Showing posts from May, 2013

The Only Thing Settled About Arbitrability is its Continued Litigatibility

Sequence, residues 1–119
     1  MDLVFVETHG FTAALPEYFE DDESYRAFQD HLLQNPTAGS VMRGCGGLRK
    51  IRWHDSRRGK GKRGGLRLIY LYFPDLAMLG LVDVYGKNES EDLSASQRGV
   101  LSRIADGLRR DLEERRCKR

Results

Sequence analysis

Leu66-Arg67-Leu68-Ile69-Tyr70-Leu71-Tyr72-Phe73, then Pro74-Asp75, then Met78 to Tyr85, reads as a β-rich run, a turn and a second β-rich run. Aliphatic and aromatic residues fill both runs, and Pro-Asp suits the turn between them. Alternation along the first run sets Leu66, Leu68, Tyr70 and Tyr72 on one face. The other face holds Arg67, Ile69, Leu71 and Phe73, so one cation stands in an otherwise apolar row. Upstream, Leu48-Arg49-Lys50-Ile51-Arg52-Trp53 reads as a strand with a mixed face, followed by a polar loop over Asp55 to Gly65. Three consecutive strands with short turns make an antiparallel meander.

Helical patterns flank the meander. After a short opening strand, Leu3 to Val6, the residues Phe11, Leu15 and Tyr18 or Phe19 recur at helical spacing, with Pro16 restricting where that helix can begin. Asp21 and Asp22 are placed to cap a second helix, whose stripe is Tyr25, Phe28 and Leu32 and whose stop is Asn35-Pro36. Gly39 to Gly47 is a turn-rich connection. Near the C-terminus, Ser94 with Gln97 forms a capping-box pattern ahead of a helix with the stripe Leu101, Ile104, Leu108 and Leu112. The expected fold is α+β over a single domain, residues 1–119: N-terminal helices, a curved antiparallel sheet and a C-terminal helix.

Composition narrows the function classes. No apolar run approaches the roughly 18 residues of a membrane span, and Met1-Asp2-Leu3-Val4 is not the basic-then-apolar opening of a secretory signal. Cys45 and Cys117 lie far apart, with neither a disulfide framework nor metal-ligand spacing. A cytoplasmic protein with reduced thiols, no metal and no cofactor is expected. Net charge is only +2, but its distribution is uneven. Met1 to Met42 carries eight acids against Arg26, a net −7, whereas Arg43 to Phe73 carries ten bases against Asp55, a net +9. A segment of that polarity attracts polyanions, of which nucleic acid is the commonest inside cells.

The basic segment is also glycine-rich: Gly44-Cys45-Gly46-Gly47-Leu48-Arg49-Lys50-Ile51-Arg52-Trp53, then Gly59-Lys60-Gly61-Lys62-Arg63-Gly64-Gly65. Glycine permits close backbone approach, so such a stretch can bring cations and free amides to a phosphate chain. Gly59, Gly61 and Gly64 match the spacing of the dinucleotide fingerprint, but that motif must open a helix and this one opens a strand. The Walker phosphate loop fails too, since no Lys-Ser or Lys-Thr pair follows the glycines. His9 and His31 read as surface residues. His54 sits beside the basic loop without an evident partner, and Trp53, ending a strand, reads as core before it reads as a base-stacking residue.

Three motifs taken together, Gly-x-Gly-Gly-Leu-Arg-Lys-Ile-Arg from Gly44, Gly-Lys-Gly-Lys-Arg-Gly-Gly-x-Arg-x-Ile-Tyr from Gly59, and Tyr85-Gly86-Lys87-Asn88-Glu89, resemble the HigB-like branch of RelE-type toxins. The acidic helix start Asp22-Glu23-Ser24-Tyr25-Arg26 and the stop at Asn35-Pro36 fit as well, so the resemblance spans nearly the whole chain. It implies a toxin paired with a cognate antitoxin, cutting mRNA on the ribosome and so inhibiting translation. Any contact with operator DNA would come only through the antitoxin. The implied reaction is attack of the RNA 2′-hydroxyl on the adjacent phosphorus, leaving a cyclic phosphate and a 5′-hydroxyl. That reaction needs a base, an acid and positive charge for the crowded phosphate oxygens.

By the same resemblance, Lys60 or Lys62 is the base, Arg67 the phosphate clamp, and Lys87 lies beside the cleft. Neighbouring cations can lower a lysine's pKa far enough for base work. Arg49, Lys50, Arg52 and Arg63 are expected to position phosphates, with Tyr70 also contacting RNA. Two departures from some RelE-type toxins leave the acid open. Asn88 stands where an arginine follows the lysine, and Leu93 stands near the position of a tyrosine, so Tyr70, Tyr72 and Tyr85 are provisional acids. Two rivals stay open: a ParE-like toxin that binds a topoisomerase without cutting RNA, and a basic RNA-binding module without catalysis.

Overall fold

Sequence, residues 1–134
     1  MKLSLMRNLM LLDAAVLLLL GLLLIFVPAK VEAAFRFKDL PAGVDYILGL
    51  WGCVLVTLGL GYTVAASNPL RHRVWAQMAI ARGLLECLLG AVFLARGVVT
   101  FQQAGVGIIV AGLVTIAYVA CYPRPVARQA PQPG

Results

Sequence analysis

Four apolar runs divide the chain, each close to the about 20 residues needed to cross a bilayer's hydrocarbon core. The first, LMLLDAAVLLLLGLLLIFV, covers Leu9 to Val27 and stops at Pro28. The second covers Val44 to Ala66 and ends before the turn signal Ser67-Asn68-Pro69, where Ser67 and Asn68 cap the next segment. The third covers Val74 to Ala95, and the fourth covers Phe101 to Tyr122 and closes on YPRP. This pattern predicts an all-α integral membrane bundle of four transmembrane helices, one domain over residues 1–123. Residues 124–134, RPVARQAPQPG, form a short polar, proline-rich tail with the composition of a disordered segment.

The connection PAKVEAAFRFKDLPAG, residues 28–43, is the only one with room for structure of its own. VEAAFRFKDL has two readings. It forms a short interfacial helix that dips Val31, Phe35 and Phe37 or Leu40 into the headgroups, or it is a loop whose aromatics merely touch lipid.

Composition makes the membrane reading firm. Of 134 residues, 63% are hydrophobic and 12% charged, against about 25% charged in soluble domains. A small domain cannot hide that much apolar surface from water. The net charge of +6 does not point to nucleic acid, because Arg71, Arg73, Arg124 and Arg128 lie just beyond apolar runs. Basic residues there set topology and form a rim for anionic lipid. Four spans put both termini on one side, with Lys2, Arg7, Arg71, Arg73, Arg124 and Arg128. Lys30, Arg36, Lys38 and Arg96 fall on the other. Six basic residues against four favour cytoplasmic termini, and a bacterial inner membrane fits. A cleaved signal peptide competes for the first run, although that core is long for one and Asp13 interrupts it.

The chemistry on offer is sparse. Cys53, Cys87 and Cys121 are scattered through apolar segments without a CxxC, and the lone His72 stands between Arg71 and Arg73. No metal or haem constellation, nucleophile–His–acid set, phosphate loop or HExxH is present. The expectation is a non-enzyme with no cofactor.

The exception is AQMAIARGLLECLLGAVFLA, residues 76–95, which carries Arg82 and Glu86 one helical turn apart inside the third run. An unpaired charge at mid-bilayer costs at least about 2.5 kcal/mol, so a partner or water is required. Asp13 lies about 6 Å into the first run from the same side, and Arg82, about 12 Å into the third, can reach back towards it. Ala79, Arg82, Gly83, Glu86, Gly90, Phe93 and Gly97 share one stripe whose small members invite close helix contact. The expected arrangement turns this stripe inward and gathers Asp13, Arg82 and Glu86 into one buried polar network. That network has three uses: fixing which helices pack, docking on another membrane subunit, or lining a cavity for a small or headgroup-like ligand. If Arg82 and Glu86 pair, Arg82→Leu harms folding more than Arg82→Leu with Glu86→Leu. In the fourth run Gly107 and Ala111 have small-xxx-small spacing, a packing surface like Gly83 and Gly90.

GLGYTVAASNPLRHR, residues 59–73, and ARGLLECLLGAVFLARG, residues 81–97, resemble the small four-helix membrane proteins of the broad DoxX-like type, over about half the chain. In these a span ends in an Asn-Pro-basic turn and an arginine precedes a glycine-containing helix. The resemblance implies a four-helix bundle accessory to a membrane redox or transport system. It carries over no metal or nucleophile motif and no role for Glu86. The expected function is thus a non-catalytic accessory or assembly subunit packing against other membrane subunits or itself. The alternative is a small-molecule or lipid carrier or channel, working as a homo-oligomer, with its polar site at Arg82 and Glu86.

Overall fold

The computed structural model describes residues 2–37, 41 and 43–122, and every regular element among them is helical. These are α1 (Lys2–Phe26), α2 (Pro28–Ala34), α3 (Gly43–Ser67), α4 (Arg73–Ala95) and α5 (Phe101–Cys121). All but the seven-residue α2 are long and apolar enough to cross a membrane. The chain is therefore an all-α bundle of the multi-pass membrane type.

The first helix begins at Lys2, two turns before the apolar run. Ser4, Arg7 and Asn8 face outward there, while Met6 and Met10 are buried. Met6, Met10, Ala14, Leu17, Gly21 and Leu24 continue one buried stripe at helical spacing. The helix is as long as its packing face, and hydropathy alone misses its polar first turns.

Introduction Although both the United States Supreme Court and the South Carolina Supreme Court often attempt to define arbitrability -- the question of whether a contractual provision purporting to send disputes to arbitration is enforceable --  the case-by-case analysis applied in considering it means that like the Lernaean Hydra , a determination on one set of facts will only spawn numerous other challenges.   The South Carolina Court of Appeals' recent decision in Smith v. D.R. Horton, Inc., et al. is the latest in this line of arbitrability cases, affirming a circuit court determination that an arbitration clause in a purchase agreement was unenforceable because it was unconscionable.  For this Blog's previous posts chronicling arbitrability decisions and related topics, see  Recent Cases on the Reach of the S.C. and Federal Arbitration Acts , Asserting the Right to Compel Arbitration , Arbitrating Arbitrability: Part One of the Effect of Recent SCOTUS Decisions